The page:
Using what PPT thinks is the best and most accurate moniker for the junta, Boyce refers to it as the Council for Democratic Reform under the Monarchy. In later cables it becomes the Council for Democratic Reform under Constitutional Monarchy. Boyce seems comfortable in reporting the coup and stating that the junta is “in control of the government after a bloodless coup on the evening of September 19.”

Boyce’s attitude is almost nonchalant – Coup? So what? He immediately appears to be justifying the coup by reporting that the:

CDRM promises to cede control to an interim civilian government soon, and civil society contacts we spoke to today believed this would happen. Politicians and academics have expressed support for the military’s actions, believing that there was “no other way” to proceed with political reform free of the control of Prime Minister Thaksin’s enormous wealth and political power.

He does add that this “is a sad commentary on the weak state of Thailand’s democratic institutions,” but doesn’t seek to explain this or decry the end of every single democratic institution and all freedoms by the actions of the military-palace alliance to toss out Thaksin. Boyce turns to what he repeatedly says is the “good news”: the junta has promised “to return the government to civilian control ‘as soon as possible’.”

Remarkably, Boyce refers to a junta member telling “the Ambassador last night that it might take a few days before the military would cede control to a civilian.” It is revealing that Boyce was talking with coup plotters on the very night of the coup. Perhaps that is because the U.S. is considered so significant for the military in Thailand, but that Boyce reports this as “good news” suggests a remarkably cosy relationship.

The “bad news” is barely mentioned and waved off as Boyce steamrolls on to tell his bosses that the coup has seen “Bangkok rejoice.” There is then a long list of comments that indicate wide support for the coup:

Post has spoken to a range of contacts in Bangkok about the coup. PAO academic contacts could only be described as ebullient. They gave a variety of justifications for the army’s move, alleging that Thaksin had deliberately incited problems in the South to strengthen his political position, for example, and even claiming he was behind the bomb attacks in Hat Yai. One said that army was only reacting to the “coup” already staged by Thaksin, a reference to what is seen as his anti-democratic ruling style. They all felt that the coup was inevitable and it was good that it happened while Thaksin was out of the country.

Those academics are probably pleased that Boyce didn’t name them, but it is well-known which academics were regularly talking with the U.S. embassy, and some have been mentioned in previous posts.

The cable then turns to “political party contacts” who turn out to be only the coup-supporting Democrat Party and Chart Thai. Both are reported as recognizing that the coup “looked bad” internationally but shrugged and said “what else was there to do? Thaksin’s enormous wealth made him unbeatable in elections. He had emasculated the Constitution’s checks and balances.”

It is remarkable that Boyce is simply repeating anti-Thaksin scuttlebutt as if it were fact. Even if he believes some of it, repeating rumors with no balancing observations is giving them support.

Boyce then talks about Thaksin and basically assures Washington that he is finished for the moment. Boyce mentions that some Thai Rak Thai Party politicians have been arrested but is happy enough with assurances from his CDRM buddies that “they were well.” Likewise, he seems relieved that claims People’s Alliance for Democracy activists were also being detained was not correct.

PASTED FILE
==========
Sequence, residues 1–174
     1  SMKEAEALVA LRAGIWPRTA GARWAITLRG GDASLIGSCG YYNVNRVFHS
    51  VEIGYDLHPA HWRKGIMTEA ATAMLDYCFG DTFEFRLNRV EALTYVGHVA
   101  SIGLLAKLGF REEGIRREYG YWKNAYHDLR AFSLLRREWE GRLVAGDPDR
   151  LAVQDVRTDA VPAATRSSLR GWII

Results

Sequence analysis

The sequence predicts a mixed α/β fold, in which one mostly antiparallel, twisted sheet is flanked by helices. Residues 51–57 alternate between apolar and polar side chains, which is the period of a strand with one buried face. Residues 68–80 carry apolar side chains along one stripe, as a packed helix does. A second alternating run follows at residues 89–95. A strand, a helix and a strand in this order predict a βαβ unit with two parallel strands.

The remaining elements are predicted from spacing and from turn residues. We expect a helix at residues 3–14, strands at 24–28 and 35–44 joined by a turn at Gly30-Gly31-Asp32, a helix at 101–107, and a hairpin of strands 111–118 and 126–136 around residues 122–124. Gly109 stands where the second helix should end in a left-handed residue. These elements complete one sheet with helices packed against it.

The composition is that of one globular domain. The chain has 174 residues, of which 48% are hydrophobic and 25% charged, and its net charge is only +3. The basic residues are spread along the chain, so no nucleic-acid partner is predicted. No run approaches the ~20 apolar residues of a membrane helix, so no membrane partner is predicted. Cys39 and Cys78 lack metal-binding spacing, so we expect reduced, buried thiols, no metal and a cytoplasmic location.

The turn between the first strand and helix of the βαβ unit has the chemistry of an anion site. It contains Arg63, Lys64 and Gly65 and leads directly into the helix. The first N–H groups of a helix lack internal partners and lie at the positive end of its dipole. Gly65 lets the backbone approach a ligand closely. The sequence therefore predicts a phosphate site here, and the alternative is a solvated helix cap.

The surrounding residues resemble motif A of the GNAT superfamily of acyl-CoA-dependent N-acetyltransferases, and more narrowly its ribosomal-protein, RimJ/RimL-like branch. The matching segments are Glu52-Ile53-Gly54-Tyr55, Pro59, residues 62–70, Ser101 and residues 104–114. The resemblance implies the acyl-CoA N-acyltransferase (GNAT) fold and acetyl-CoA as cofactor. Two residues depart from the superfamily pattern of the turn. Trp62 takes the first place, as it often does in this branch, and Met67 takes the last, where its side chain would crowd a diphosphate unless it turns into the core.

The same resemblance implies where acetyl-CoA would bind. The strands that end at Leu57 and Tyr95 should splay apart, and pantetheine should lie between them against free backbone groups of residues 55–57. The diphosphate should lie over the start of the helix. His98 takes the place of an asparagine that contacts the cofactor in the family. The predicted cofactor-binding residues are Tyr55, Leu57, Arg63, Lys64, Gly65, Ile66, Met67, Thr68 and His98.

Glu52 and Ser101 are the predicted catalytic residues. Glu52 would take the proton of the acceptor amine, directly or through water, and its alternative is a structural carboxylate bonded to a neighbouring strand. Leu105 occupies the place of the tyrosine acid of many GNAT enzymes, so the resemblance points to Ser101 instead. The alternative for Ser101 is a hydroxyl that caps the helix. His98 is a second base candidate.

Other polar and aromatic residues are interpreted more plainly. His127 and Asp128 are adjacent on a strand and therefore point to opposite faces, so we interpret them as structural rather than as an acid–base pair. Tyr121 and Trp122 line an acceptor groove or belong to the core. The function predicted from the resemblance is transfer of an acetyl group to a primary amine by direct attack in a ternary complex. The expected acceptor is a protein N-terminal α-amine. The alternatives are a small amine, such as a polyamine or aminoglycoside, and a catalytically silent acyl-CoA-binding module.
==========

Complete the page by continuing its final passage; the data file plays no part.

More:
This is a remarkable cable and one that puts a lie to any residual claims that the ambassador and the U.S. did anything other than welcome the military-palace coup.





Wikileaks, Prem and the coup

4 09 2011

In PPT’s continuing series on Wikileaks cables, we examine U.S. Ambassador Ralph Boyce’s cable of 26 September 2006 that refers to his visit to see Privy Council President General Prem Tinsulanonda just a few days after the 2006 military coup.

Boyce begins by explaining to Washington that he visited Prem on “September 25, explaining I wanted to check on his well-being, given reports on the night of the coup that [ousted Prime Minister] Thaksin [Shinawatra] had tried to arrange Prem’s arrest.” At the time of the coup, Thaksin was in New York.

The ambassador states: “Sounding relaxed, confident, and very pleased with the course of events, Prem assured me he was well.”

The only other item in the cable refers to a conversation Boyce had with former Thaksin government spokesman Borwornsak Uwanno, who after belatedly acquiescing to pressure from a privy councilor, had changed sides and was now close to some of the coup plotters.

Borwornsak had told Boyce that the junta (Boyce prefers to call it the CDRM, the Council for Democratic Reform under Constitutional Monarchy, as the junta initially referred to itself) would not appoint a “civilian Prime Minister until the middle of the first week of October.”

Boyce “stressed to Prem that the international community would be watching the clock, and the CDRM would come under criticism if it missed its self-imposed two-week deadline for transitioning to a civilian administration. Prem urged me to start counting the days from September 20, rather than September 19, as the CDRM needed to buy itself as much time as possible to get affairs in order.”

There’s no doubt that, at this time, Prem would have been feeling elated. After all, the military was back in charge and the hated Thaksin was out and effectively exiled, meaning that all of Prem’s work in getting the military on-side for the coup had paid off handsomely.